In Paul’s first letter to the Corinthians, Paul wrote that

“God chose what is foolish in the world to shame the wise; God chose what is weak in the world to shame the strong; 28God chose what is low and despised in the world, even things that are not, to bring to nothing things that are, 29 so that no human being might boast in the presence of God. 30 And because of him you are in Christ Jesus, who became to us wisdom from God, righteousness and sanctification and redemption, 31 so that, as it is written, “Let the one who boasts, boast in the Lord.” (1 Cor. 1:28-30)  

The fact is, we all have special needs. The problem is that most of us don’t realize it. Sometimes people ask me if people with intellectual disabilities can respond to the gospel. My answer is that they may be some of the only ones who truly can. To come to Jesus, you have to admit you need him.

Some people think religion is a crutch. And maybe it is. But you know what? When you’re crippled, that’s not bad.  

Some people wonder if there will be people with disabilities in heaven. And I think there’s two answers to that. On one hand, I believe that right now, _______ is completely whole. She is strong in mind and body. She is speaking clearly. She is no longer seeing through a glass darkly. She has been made perfect.  

But on the other hand, the only people who are in heaven are people who recognize they are helpless without Jesus. Is Heaven handicapped accessible? Friends, I am here to tell you that Heaven is handicapped required.  

So please permit me to close by explaining what you might think of as the wheelchair ramp to a relationship with Jesus. It doesn’t require a seminary education. Vivian never went to seminary. She never wrote a sermon or taught a Sunday school lesson. But I believe we can learn more from her simple faith, and her genuine care for others than we could learn from the most profound theologian.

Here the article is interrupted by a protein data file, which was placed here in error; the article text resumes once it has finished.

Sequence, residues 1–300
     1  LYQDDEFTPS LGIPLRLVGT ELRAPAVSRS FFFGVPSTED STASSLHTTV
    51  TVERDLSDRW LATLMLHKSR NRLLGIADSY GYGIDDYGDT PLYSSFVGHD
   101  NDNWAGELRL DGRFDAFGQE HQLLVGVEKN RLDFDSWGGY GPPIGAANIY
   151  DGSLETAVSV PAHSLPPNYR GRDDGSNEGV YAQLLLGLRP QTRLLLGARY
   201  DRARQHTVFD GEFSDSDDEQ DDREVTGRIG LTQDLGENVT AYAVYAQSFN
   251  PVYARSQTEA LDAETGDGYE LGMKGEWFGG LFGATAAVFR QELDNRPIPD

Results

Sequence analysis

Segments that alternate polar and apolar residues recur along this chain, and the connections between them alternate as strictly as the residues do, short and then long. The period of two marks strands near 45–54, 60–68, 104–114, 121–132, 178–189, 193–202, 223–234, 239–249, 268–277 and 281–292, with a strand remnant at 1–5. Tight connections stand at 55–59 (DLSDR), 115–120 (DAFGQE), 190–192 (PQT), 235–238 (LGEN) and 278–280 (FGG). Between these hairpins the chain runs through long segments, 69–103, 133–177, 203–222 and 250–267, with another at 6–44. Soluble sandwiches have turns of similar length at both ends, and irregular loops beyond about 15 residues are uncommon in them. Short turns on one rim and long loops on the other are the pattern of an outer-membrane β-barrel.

Karl Barth was one of the most brilliant theologians of the 20th century. In 1919, at the age of twenty-eight he published his commentary on Romans. In 1931, he began work on his massive, twelve volume, 9,000 page, six million word Church Dogmatics, one of the longest works of systematic theology ever written. And if you are unfamiliar with the term “systematic theology” it is just the attempt to organize every doctrine and every teaching of Scripture in a logical order. It typically starts with one fundamental principle, and then works to show how everything we know about God is united by that one principle.   Karl Barth took 9,000 pages to do that.  

In 1962, six years before his death, Barth was asked how he would summarize the essence of the millions of words he had published on the nature of God and the principles of theology. Dr. Barth, what if you didn’t have have twelve volumes. Could you state your fundamental principle in one sentence?   Karl Barth smiled, and said, “Jesus loves me, this I know, for the Bible tells me so.”   Beloved, that truth is the wheelchair ramp on to a relationship with Jesus.  

Let’s pray…